I’d like to tell you an awkward love story. It started 20 years ago and defied all kinds of relationship don’ts — friends first, working together and long distance, not to mention a good degree of social ineptitude on the part of the guy, who happens to be me.
One thing you have to know about me, in case you didn’t already, is that I’m an awkward individual. Don’t feel bad; I’m not looking for pity or reassurance. I’ve long since learned to accept my awkwardness. There’s been a long succession of people willing to point it out to me.
It starts with my looks. I’m not saying I’m ugly, but I look…odd. I’m 6’4″ but my waist is probably about five and a half feet tall. I remember once in high school, when I got up to write something on the board, a girl in my class laughed and said, “Danny’s body is, like, three-quarters leg!” I eventually got over it, but for a long time I wasn’t willing to stand in front of a crowd — it was almost as traumatizing as the time in sixth grade when two girls followed me as I walked the halls before morning bell, staring at me and snickering until one of them finally informed me, “You walk like you have a corn cob stuck up your ass!” (I didn’t.)
For a long time after that, I refused to walk if I thought anyone was watching. Running is still out of the question, as I’ve made my own observation on that. I’ve seen myself run on video and it ain’t pretty. I think it’s because my right leg is rotated outward from its proper natural axis by about 25 or 30 degrees, so that even my feet are awkward.
Not to mention the slouch. What little torso I have is so canted that there’s a good bit of horizontal real estate behind my head. J-Lo has her shelf butt; I have my shelf back. Combine this with my lack of chin and I’m eager to avoid having anyone see my profile. Too bad one shoulder is noticeably lower than the other, making it equally inadvisable for me to let myself be seen from the front. Essentially, my body is like a cubist painting. It’s awkward.
Then there’s the awkward way in which I carry myself. I’m capable of conversing with people; I’ve even been known to entertain a guest or two at a party. But the ability shifts without warning. I run out of steam and/or things to talk about and a big, awkward lull descends, during which the people who had until only recently been genuinely interested in what I had to say, suddenly begin to stare at me as if they suspect I keep a Tupperware container full of severed fingers in my freezer. That’s ridiculous — everyone knows Rubbermaid keeps a better seal in extreme cold.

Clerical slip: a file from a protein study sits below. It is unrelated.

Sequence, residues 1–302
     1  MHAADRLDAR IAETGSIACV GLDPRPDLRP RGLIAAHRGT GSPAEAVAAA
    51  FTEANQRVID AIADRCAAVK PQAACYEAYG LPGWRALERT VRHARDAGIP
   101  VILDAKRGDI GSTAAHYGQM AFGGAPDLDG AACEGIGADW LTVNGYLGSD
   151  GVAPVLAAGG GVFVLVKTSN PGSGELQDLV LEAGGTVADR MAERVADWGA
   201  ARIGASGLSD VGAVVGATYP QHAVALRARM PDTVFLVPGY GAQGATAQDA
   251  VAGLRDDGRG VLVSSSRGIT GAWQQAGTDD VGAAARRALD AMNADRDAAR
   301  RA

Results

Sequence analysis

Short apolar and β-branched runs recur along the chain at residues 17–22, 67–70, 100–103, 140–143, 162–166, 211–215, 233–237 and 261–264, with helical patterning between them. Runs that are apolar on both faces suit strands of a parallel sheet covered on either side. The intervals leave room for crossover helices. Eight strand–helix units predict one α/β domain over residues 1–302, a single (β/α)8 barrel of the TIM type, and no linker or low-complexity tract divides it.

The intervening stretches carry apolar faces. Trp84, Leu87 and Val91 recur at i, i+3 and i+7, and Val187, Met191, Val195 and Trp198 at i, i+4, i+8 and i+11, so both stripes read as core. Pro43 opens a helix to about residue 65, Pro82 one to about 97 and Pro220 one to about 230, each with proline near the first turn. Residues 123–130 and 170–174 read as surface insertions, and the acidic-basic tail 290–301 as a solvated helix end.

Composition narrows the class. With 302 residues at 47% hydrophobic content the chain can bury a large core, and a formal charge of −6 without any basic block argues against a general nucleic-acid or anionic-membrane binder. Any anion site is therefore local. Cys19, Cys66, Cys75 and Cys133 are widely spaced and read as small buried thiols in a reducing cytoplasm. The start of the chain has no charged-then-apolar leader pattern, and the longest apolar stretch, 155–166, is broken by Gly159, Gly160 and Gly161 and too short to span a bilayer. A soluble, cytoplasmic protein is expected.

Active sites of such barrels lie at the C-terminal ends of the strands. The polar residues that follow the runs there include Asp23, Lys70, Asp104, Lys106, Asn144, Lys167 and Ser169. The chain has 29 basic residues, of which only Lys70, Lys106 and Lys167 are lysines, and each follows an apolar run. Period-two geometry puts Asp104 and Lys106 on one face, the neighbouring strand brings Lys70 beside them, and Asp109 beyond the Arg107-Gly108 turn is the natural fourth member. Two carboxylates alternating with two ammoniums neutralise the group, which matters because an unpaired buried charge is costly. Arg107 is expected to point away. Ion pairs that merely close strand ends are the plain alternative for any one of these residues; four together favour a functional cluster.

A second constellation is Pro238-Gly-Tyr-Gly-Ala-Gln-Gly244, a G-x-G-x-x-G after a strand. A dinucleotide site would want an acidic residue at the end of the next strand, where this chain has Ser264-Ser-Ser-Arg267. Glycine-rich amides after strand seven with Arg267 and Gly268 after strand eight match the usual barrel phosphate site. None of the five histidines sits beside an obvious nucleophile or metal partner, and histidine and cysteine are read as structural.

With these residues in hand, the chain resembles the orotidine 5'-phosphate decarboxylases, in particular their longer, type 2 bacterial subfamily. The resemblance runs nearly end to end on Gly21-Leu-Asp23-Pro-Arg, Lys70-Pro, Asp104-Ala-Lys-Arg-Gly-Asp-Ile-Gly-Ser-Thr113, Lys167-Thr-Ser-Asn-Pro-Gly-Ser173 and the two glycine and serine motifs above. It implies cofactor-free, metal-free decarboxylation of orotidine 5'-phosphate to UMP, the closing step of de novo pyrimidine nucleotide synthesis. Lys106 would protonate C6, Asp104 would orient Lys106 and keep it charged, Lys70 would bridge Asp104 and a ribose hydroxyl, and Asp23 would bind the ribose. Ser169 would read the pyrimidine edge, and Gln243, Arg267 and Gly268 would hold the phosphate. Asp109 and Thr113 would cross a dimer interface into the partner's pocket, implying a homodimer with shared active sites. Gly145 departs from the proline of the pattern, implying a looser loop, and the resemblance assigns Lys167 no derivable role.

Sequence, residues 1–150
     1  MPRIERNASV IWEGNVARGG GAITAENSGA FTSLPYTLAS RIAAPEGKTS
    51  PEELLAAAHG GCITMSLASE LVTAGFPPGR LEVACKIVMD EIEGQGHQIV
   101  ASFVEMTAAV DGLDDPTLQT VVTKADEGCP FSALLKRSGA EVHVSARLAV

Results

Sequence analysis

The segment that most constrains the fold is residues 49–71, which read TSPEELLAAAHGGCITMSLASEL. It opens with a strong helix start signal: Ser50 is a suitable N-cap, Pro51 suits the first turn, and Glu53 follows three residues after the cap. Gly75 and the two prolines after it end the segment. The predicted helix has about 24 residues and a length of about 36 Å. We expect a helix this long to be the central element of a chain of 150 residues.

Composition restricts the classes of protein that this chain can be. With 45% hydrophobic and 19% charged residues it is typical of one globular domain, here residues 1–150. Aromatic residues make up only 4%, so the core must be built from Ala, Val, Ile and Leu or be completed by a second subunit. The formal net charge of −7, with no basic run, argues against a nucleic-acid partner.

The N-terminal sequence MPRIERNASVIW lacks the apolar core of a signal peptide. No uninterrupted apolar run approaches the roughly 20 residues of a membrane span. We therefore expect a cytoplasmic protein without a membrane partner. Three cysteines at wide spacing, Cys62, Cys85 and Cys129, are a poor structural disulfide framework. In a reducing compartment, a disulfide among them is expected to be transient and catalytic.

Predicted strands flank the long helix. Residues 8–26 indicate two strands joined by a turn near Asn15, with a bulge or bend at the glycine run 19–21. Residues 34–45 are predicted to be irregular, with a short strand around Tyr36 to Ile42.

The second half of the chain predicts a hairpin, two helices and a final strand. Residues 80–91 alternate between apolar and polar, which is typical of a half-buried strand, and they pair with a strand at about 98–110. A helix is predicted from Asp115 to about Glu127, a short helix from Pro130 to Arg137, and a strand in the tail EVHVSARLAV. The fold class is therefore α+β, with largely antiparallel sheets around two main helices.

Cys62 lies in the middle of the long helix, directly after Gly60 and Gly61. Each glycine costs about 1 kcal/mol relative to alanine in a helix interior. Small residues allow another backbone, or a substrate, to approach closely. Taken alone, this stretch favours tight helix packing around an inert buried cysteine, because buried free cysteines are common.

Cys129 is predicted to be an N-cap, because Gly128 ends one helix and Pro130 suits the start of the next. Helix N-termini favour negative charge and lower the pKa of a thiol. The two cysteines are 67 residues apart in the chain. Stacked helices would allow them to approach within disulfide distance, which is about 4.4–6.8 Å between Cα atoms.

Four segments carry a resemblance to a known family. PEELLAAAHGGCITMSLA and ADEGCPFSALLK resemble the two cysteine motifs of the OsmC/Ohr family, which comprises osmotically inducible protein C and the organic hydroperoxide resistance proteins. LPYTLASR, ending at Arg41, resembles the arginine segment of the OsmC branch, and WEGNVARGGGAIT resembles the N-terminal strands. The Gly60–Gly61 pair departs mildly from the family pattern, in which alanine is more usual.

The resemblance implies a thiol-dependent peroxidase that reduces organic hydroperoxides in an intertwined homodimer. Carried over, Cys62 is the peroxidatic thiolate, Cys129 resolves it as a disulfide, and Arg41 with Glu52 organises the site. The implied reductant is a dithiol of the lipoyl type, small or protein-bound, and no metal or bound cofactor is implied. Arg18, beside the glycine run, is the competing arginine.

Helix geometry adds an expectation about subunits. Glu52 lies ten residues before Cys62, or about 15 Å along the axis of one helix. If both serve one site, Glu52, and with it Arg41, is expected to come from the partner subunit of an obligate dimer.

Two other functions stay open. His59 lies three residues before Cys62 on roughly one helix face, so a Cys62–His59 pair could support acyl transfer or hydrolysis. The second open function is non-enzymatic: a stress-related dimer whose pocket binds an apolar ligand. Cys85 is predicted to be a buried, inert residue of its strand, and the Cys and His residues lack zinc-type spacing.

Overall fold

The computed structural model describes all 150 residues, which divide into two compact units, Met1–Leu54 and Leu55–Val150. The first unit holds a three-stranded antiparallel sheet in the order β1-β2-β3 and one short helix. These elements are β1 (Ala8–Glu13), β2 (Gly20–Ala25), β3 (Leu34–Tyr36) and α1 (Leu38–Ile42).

Sometimes I’ll still have plenty to say, but manage to go awkward anyway. This happened at work recently, when I tried to compliment a woman — never a good idea in the workplace. I meant well, but it came out all wrong. She laughed and said, “I could tell as you were saying it that you were wishing you weren’t.”
She could tell? Wow — that’s a pretty palpable level of awkwardness, probably much like the level I’m approaching in this blog entry. Chances are, you’re already feeling uncomfortable just reading this; that’s good. Nowadays, I thrive on being awkward.
Not so during my dating days. The awkward was there; the thrive, not so much. Which brings me to the point of this blog entry.
Twenty years ago this night, there was a date that never should have happened (and maybe didn’t, according to one interpretation), that started a relationship that never should have lasted (but did, according to unanimous interpretation). I’m going to tell you about it, but I need sleep first.
I’ve had this planned for a few days now. I could have even pre-written some of it. But I didn’t. I waited until the last possible moment, and now I’m too tired to write. So I’m putting you off and hanging a big “To be continued” sign on this page.
I’m sorry; is that awkward?